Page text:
Touch areas on tablet  by Luke Wroblewski

Touch areas on tablet - Luke Wroblewski

With touch-enabled devices, users are very close to the screen and use both thumbs to touch, creating accessible touch areas at the bottom. I also considered the touch areas, which would help in the game's performance and handling. Based on the information collected, I adapted the chosen wireframe and the definition of the other screens from the drafts. I set the resolution to 1024 × 768 pixels using the net main layout to optimize the content for a satisfactory view (iPad mini 7.9'').


UX Case Study - Tablet app - Sketches

For the main screen, I crafted a layout showcasing the character's dialogue alongside interactive buttons for option selection. Establishing a clear hierarchy was crucial, particularly for displaying the result index, guiding users to understand if they're on the right track. After iterating through six drafts, the seventh version successfully met all game requirements, setting the stage for the next phase of screen design.


UX Case Study - Tablet app - Wireframes

We prioritized the strategic positioning of characters to balance the game's visual elements. After evaluating three proposals, Wireframe 2 emerged as the best choice, providing an ideal foundation for balanced and engaging game development.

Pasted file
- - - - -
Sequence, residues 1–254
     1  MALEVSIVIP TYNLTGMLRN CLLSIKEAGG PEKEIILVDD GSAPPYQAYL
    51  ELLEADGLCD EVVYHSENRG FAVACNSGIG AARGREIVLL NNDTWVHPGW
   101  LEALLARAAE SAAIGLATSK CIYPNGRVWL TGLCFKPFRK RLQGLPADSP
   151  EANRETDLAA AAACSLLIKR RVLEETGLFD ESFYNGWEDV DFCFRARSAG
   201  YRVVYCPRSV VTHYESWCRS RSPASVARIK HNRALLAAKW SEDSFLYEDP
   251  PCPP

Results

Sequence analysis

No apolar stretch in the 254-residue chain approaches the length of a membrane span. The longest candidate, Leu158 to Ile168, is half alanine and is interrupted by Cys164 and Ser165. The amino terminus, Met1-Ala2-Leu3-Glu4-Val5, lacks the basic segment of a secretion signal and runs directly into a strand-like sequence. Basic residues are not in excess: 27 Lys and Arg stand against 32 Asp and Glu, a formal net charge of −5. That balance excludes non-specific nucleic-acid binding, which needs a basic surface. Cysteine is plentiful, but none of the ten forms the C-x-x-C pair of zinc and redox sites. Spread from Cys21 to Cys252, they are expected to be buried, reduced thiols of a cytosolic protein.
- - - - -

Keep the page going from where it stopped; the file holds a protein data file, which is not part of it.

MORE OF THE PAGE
UX Case Study - UI Style Guide - Reaction App

Among several proposals, the logotype option, featuring a speech bubble symbolizing the game's decision-based narrative, was chosen for its relevance to the students' reality. The logotype was crafted to reflect key concepts like "Time," "Environment," and "Action and Reaction."

Our color palette derived from ten child-centric environmental websites. We chose dominant colors and their hex codes for optimal monitor compatibility.

For typography, we defined Calibre as the primary font, prioritizing legibility based on psychological and design research. It's a sans-serif font with rounded endings, ideal for web readability, especially for children. Our alternative font, Sunday Morning, adds a playful, hand-drawn touch for the project's educational theme.

In creating the initial scenario, we depicted an urban city context, incorporating a box symbolizing the impact of students' decisions on the planet. This approach aims to encourage thoughtful reflection on sustainability.

For the progress bar, we used pictograms for easy recognition, focusing on "ecological," "economic," and "well-being" aspects. These were represented by distinct icons - a tree leaf, a dollar sign, and a human figure, respectively, using contrasting colors for visibility.

User Interfaces

In this step, design principles and educational needs come together, a result of thoughtful planning and creative execution in our user interfaces.





In the Informatics Lab, the Instructor introduced a game linked to the students' sustainability studies, deepening their understanding. Both the Instructor and Teacher guided the e-learning, with the game's sequential content acting like a structured study program.